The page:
MICHAEL MILLER: Since I do not spend much time in modernity, except by way of  existence, that would be difficult to express. My considerations have much to do with the whole of history and mankind and since we cannot study the future except in a theological sense to extrapolate what humans tend to do I tend to spend my time studying the past. I have had no relative interest in “modern poetry” per se.

DEBORAH  BROOKS  LANGFORD:   Understanding poetry begins with visualizing the central images in the poem. What do you see, taste, smell, hear, and feel? What is the imagery of your poetry?

MICHAEL MILLER: Human understanding and character, or the lack of it seems to run the threads of those pieces. If so, then my internal vision has a mind of its own since I daily fail even my highest ideals. They seem pretty idealistic in the face of my daily realities.

DEBORAH  BROOKS  LANGFORD:   What is the mood of your poetry? (Or How does it make you feel?)

MICHAEL MILLER: Generally it makes me pretty self introspective by comparison to the themes of what is written. Makes me aware of my flaws and the need to seek a great deal more understanding and apply it more actively. 

DEBORAH  BROOKS  LANGFORD:   In your poetry who is the speaker of the poem? Are you speaking to yourself or to others?

MICHAEL MILLER: Understanding is the speaker.  I feel that it is to me it is speaking. If it speaks to others I can only say by those who have made comments in the past , so at the least many “see” what the work sees.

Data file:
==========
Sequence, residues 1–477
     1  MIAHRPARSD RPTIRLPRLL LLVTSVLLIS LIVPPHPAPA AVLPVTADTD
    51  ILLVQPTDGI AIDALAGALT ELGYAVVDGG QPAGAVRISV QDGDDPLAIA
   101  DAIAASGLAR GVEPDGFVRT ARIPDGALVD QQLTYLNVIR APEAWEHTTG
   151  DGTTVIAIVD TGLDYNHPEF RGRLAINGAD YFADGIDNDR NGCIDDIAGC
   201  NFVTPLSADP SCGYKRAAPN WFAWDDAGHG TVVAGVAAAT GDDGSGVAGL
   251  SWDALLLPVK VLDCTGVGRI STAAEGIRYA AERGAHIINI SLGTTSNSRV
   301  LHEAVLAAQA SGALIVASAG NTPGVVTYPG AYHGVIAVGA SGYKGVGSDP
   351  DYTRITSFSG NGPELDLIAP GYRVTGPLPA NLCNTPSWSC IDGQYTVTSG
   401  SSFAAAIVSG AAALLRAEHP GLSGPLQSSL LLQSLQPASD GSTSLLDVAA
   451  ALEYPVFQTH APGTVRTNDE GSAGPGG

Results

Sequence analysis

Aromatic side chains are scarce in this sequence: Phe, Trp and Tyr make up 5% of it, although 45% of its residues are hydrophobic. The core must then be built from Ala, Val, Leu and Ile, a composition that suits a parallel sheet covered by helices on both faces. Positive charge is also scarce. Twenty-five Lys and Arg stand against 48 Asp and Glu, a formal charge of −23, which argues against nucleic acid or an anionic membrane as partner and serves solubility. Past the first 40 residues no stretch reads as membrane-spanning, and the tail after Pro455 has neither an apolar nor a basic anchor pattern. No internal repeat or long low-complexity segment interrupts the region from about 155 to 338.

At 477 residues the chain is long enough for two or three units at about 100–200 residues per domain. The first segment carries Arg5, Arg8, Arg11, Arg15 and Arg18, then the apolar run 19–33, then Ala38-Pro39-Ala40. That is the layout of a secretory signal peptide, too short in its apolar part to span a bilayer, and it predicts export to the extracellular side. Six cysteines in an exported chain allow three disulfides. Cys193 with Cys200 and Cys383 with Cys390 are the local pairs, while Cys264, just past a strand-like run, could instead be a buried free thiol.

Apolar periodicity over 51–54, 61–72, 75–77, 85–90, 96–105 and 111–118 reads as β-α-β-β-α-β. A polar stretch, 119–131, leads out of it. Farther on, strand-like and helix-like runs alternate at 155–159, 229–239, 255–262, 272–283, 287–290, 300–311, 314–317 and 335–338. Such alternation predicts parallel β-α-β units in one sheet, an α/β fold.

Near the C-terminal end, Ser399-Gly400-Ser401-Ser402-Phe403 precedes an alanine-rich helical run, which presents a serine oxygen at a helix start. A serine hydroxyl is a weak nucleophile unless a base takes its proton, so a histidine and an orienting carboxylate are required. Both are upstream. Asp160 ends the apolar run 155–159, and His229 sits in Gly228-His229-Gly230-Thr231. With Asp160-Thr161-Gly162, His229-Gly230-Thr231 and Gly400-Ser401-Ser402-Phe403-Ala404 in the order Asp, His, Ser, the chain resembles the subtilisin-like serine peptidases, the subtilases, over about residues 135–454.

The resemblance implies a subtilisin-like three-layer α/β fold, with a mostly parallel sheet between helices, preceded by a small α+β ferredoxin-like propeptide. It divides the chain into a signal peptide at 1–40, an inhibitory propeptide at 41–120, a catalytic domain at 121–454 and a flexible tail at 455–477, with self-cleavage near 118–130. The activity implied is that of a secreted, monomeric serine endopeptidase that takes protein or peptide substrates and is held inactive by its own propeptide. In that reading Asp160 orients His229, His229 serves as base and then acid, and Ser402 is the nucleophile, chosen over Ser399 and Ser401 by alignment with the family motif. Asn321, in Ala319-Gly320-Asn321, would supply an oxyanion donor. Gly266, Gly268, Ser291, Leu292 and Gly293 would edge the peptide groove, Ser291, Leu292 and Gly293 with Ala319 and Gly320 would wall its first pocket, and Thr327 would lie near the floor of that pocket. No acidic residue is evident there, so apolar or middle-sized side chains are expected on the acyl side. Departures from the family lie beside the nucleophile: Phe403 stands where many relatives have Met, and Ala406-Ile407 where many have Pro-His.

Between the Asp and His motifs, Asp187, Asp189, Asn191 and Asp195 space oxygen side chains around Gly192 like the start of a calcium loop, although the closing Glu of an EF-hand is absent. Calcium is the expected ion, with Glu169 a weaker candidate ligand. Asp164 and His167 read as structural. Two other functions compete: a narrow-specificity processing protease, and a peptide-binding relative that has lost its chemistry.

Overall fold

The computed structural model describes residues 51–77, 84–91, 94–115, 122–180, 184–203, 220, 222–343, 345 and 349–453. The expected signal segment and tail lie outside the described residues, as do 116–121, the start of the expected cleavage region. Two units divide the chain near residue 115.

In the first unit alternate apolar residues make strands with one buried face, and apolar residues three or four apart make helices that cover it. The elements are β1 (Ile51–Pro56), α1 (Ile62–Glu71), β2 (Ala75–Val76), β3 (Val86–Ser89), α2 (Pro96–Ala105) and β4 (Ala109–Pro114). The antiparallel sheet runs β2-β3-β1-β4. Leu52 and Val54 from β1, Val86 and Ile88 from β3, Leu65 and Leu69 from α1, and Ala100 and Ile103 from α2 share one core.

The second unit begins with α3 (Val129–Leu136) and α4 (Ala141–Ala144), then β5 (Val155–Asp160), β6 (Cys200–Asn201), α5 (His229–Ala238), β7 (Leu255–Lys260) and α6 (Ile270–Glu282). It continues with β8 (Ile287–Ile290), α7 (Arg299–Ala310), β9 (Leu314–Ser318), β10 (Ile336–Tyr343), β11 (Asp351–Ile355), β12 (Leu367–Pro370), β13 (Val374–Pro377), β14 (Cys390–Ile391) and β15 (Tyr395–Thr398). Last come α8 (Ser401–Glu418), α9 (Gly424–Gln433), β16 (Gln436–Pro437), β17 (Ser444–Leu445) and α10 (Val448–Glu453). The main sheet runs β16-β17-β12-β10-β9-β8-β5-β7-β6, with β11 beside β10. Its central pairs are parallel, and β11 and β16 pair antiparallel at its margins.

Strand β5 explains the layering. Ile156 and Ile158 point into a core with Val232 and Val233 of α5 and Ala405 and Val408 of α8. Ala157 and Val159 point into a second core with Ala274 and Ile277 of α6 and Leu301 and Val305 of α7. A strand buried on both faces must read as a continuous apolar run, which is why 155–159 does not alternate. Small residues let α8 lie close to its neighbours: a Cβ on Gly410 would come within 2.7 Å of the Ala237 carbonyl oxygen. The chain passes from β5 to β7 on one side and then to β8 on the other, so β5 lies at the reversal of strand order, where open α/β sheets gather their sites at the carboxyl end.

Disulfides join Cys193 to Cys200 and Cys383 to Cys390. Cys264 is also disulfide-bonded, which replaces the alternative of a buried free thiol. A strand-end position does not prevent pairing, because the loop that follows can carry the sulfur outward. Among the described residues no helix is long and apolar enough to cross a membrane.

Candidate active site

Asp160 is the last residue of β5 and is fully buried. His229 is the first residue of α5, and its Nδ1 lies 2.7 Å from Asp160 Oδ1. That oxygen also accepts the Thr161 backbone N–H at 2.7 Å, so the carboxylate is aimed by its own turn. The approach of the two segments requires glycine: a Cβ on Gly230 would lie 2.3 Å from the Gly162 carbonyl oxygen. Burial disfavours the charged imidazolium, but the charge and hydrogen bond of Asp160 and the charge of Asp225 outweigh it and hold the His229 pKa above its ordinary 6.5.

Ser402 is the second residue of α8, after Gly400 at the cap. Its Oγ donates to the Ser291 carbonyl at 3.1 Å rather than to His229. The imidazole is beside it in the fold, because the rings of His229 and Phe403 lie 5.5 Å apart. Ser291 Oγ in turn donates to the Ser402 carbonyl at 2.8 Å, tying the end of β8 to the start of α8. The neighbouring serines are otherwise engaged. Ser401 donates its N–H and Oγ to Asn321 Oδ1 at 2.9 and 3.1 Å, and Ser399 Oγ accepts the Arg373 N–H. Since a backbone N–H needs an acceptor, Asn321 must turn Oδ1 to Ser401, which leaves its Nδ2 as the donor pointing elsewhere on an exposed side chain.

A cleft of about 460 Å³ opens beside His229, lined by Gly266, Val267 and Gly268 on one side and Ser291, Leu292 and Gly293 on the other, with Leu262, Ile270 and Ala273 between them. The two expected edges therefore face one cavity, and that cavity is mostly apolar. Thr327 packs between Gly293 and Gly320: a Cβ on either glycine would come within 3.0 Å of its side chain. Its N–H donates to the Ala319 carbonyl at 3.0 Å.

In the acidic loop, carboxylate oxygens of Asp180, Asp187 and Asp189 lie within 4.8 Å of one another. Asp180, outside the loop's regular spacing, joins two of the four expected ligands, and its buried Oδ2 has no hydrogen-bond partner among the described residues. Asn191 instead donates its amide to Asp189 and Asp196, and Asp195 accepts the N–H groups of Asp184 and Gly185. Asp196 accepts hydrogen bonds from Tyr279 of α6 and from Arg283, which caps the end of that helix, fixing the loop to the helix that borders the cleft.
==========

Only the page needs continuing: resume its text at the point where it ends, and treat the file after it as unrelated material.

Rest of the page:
DEBORAH  BROOKS  LANGFORD:   What is the message of your poetry?  What messages do your poetry convey?

MICHAEL MILLER: That seems pretty extensive. Our failures to live up to what we idealize and how that affects each other and the need for continued pursuit to incorporate them into our very own natures.    

DEBORAH  BROOKS  LANGFORD:    Does the internet and social media contribute to the success of your poetry? Is this the reason you write for?

MICHAEL MILLER: Your publication increased the reading by the thousands last year on G+ . I do not know if its successful or meaningful to others , as stated previously I have never written “for the public” nor do I intend to start doing so. No one saw them for thirty something years except my children, I am not likely to change that though I have shared them by request.

NILAVRONILL SHOOVRO:  Thank you so much dear poet for the interview. We would like to know your personal experience with OPA as a literary web journal. Would you like to share anything more with our readers?

MICHAEL MILLER:: OPA has been a wonderful journal of international contributors. It has been a means to see so many of us think upon the same subjects.